Committee opinion no. 506. Obstet Gynecol. 2011;118:761-766.
The American College of Obstetricians and Gynecologists
issued a new committee opinion supporting the use of “expedited partner
therapy” in accordance with CDC guidelines as a method for the prevention
of reinfection of sexually transmitted infections when partners are unable or
unwilling to otherwise seek medical care.
“The 12-month reinfection rate of chlamydia among
adolescents and young women is as high as 26%, often due to an untreated sexual
partner,” according to background information in the committee opinion
Expedited partner therapy (EPT) practice encourages
physicians to prescribe treatment for the sexual partners of patients
diagnosed with STIs, without examining the partner
“Evidence indicates that EPT can decrease
reinfection rates compared to standard partner referrals for examination and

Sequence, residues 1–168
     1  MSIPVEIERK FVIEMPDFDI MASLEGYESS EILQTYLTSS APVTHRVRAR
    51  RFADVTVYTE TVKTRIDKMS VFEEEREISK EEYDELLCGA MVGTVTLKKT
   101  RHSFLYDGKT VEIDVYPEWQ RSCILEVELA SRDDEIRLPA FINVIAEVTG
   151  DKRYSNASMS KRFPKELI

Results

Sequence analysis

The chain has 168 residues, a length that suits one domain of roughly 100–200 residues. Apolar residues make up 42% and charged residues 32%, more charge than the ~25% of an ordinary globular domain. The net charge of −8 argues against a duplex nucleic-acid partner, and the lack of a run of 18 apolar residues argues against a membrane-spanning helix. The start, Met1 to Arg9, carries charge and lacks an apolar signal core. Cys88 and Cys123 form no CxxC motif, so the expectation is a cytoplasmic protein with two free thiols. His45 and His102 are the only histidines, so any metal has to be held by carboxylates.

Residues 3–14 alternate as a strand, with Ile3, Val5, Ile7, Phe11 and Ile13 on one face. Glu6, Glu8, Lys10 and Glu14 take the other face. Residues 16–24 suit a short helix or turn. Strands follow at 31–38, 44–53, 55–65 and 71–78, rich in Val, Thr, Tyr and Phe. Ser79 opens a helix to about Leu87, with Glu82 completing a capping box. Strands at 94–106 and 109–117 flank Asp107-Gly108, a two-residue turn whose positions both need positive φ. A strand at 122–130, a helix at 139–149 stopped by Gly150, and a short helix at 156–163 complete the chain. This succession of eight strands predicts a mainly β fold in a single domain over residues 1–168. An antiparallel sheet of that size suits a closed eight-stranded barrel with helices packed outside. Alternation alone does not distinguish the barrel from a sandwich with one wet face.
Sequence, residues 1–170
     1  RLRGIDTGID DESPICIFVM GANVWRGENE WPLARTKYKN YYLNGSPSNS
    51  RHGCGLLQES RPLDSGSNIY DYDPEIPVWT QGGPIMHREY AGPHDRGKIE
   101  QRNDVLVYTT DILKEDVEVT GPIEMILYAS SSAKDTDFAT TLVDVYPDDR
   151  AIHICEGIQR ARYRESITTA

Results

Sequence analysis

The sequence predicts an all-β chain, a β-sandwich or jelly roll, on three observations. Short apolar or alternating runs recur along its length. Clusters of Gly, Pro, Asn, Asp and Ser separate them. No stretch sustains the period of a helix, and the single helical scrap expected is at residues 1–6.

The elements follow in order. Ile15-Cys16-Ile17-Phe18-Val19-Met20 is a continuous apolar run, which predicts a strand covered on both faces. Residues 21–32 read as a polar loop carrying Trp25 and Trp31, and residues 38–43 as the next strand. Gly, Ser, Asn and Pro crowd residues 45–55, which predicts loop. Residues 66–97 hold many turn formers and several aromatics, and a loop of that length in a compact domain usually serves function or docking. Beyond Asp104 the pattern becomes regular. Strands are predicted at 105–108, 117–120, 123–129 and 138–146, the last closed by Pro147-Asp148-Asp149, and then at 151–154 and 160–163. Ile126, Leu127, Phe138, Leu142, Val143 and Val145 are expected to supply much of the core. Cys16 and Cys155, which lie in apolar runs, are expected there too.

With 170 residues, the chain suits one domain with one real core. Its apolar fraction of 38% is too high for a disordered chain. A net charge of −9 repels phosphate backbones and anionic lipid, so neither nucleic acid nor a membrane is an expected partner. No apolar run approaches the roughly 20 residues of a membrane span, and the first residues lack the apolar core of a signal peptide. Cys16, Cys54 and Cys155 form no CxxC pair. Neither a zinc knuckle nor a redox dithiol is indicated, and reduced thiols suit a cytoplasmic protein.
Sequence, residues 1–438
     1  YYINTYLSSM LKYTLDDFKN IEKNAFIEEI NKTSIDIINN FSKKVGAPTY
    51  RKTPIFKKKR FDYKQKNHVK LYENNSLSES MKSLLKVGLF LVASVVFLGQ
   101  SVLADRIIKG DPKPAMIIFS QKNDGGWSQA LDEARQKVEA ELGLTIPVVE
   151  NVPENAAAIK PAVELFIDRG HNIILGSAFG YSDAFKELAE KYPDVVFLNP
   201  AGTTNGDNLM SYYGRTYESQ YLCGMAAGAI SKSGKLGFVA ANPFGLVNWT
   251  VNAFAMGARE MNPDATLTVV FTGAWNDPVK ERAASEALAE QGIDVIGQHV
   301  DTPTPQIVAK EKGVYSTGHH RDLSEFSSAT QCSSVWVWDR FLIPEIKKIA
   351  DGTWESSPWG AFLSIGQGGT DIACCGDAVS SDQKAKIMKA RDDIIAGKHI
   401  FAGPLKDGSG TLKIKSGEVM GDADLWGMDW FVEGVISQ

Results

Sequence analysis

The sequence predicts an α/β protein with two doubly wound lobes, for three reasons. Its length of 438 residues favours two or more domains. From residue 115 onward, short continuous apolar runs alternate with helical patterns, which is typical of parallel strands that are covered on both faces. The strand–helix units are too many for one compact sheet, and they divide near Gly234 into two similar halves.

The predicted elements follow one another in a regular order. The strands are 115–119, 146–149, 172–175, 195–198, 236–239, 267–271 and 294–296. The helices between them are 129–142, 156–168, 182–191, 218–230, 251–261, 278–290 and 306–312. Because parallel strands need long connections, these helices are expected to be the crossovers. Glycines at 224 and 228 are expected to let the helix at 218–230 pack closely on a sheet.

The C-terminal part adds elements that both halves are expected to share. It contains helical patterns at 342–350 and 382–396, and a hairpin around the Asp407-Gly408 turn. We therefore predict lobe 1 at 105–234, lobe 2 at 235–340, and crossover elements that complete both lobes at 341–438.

treatment,” Diane F. Merritt, MD, chair of the American College of
Obstetricians and Gynecologists’ (ACOG) Committee on Adolescent Health
Care, said in a press release. “Of course, it’s preferable that a
physician examines a patient in person before prescribing medication, but the
benefits of EPT among individuals whose partners are otherwise unlikely to seek
care in preventing chlamydia and gonorrhea reinfections
outweigh the risks to the partners.”
Merritt said many people with STIs are not aware they
are infected and, in turn, pass the infection on to their partners.
“The legality of [EPT] is ambiguous in some states
and overt legal impediments exist in others; analysis suggests that the
practice is permissible in 27 states,” according to the paper.
“Clinicians practicing in states where [EPT] is legal should use it for
eligible patients. In states, territories and other jurisdictions where [EPT]
is not legal or the legal status of [EPT] is unclear or ambiguous, clinicians
are encouraged to advocate for its legality and implementation and work with
their health departments to develop protocols for the use of [EPT].”